ARE ACCOMMODATIONS IN PLACE FOR THOSE WHO MAY NEED THEM? Yes. In the spirit of our March, the organizers want to be sure our event is as inclusive as possible. There are designated handicap parking areas. All venues will be accessible to everyone, including Patriot's Theater and the outdoor location at the State House. In addition, there will be sections of reserved seating at both the theater and at the steps of the State House for those of differing abilities. An ASL interpreter will at the podium during all speeches.

WHAT HAPPENS IF IT SNOWS? In the event the march is cancelled, any cancellation notice will be posted on this website, our WMONJ Facebook page and Facebook event page, the WMONJ Eventbrite page, as well as on our Twitter and Instagram accounts as soon as the decision is made (please see Contact Information listed below). Cancellation will be determined as soon as possible since we know many may be travelling long distances. Please be certain you have access to any/all of these social media venues and sign up as followers or register with these sites where applicable. Connect with others who are traveling to the march and communicate with one another. If you do not see any cancellation notices on our web outlets, the event is on. Safety is our utmost concern. Regardless of the weather conditions, if you feel that travelling to the march poses any danger to yourself, please remain safely at home. We know you will be with us in spirit!

WILL THERE BE RESTROOM FACILITIES? Yes, attendees will have access to restrooms at both the War Memorial and on the State House grounds.

WILL THERE BE FOOD AVAILABLE? Food will not be served at the event. There is also a limited number of options to purchase food near the Capitol Complex. We recommend bringing any snacks you think are necessary. Bring only what you need because large backpacks and/or bags are not permitted at the March. Food and drinks are also prohibited inside Patriots Theater. Keep snacks for the march portion of the event or the rally at the State House steps. ALL TRASH MUST BE DISPOSED OF PROPERLY. March volunteers are responsible for all clean up and, more importantly, we want be respectful to the city that is hosting our event. When in doubt, carry in, carry out!

CAN MEN AND CHILDREN PARTICIPATE TOO? Of course. Anyone who is a supporter of women's rights is welcome. We encourage men to attend. Many of the issues we are concerned about cross sex and gender lines.

Bringing children is up to you. It will be an exciting day, but there will be large crowds, cold weather and possibly snow. In January, temperatures can dip close to or below freezing in Trenton. Watch the forecast and be sure everyone in your group is bundled up, especially children. Participants in the theater will be seated within close proximity to one another. That portion will last about an hour and fifteen minutes, not including the time it takes for participants to be seated. Childcare will not be provided, so please plan accordingly. Strollers are not permitted inside the theater, but are welcomed everywhere else.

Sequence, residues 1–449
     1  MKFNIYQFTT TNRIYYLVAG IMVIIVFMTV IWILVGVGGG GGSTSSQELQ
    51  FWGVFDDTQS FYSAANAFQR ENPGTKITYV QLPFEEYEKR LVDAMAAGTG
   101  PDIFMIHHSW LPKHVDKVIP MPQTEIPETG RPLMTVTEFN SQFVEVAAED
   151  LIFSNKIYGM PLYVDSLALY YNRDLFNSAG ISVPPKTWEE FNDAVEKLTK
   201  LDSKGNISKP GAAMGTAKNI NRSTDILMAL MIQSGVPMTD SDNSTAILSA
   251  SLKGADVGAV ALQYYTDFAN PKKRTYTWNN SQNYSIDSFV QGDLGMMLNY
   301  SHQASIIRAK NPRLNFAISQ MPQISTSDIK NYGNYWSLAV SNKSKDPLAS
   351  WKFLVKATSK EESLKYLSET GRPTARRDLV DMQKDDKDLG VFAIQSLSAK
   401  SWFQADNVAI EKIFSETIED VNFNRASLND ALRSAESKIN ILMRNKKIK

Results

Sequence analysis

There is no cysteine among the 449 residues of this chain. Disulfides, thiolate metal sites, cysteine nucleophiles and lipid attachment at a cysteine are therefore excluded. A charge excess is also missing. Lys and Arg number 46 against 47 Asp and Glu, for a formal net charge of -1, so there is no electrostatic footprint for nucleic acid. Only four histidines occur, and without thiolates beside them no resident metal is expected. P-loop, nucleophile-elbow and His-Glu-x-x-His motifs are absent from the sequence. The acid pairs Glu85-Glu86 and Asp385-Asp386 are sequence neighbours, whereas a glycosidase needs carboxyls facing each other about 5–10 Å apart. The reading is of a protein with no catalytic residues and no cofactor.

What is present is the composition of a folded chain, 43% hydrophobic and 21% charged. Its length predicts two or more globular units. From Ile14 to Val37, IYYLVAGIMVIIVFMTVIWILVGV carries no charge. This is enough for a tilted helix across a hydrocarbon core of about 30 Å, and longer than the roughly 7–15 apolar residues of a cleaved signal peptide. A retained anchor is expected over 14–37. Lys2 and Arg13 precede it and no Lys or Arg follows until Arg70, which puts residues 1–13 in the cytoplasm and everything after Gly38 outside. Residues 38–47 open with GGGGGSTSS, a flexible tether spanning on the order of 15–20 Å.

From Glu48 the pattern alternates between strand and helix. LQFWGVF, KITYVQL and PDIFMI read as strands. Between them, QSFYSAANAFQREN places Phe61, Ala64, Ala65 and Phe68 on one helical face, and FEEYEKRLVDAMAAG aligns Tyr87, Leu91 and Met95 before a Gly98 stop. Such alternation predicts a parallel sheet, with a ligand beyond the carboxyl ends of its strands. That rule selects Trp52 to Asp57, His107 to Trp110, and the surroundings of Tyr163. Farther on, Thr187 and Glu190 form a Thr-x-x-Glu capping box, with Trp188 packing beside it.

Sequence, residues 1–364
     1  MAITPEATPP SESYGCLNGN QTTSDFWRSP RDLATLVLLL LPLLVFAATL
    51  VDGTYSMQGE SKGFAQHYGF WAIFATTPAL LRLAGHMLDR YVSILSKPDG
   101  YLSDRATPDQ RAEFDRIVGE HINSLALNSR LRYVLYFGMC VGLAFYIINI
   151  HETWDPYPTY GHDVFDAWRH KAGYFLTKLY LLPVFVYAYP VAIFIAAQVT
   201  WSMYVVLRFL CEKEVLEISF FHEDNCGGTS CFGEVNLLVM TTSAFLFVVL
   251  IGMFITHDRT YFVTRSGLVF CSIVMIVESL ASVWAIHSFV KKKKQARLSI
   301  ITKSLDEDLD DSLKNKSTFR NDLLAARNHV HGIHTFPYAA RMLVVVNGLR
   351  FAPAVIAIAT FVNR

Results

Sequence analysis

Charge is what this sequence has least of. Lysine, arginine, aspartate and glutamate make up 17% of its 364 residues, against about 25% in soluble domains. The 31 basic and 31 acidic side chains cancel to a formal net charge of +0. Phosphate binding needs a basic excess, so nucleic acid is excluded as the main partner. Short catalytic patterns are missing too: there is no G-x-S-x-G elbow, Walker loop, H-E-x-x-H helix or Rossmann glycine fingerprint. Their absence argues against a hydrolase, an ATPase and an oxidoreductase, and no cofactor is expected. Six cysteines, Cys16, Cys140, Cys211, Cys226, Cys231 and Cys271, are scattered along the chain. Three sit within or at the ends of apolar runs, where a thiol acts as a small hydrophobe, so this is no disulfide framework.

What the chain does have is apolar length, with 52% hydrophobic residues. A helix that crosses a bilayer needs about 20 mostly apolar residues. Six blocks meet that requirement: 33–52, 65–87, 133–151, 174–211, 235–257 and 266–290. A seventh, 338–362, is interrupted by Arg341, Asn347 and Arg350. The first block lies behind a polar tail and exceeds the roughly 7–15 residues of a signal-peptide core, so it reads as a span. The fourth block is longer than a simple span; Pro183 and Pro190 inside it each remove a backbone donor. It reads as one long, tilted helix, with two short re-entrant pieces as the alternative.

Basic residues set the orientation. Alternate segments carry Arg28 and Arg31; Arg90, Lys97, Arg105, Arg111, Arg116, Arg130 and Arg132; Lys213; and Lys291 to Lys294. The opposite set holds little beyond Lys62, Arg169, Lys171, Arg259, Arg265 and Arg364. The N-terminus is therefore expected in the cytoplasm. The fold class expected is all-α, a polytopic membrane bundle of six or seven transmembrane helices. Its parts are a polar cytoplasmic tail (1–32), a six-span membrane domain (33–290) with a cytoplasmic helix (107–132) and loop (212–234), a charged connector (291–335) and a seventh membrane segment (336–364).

ARE PRESS PASSES BEING ISSUED? Press passes are not being issued, however, press credentials are required to access any press areas designated at the event. There will be an area reserved for press at the theater. At this time, no designated press area will be available at our outdoor venue at the State House steps. Please plan your approach accordingly. Keep press credentials visible at all times.

Contact Information

Email: WomensMarchonNewJersey@gmail.com

Facebook: https://www.facebook.com/WomensMarchOnNJ/ and https://www.facebook.com/events/1800439700227430/

EventBrite: https://www.eventbrite.com/e/womens-march-on-new-jersey-tickets-29783551404

Twitter: @WomensMarchonNJ

Instagram: @WomensMarchonNJ

For more information on the Women's March on Washington, please visit https://www.womensmarch.com/.

For more information about all of the Women's On marches forming across the country and the world, visit http://womensmarchonamerica.org/ and https://www.womensmarch.com/sisters/.


The organizers of the Women's March on New Jersey are volunteers and are not being compensated in any manner for their time and dedication to this event. Information is shared and disseminated as quickly as possible. Nothing in the information provided is intended to create a contractual relationship and Organizers are merely acting as facilitators to aid in the success of the event. Any person participating in the Women's March on New Jersey does so at their own risk and at their own expense. No warranty of any kind, express or implied, are made by the Women's March on New Jersey Organizers and Sponsors nor are Organizers and Sponsors liable for any monetary loss, personal injury, cancellation of event or misinformation. Participants release Women's March on New Jersey Organizers and Sponsors from any and all legal liability and acknowledge that participation is at their own risk.

Please check this page often. All information is subject to change at any time without notice.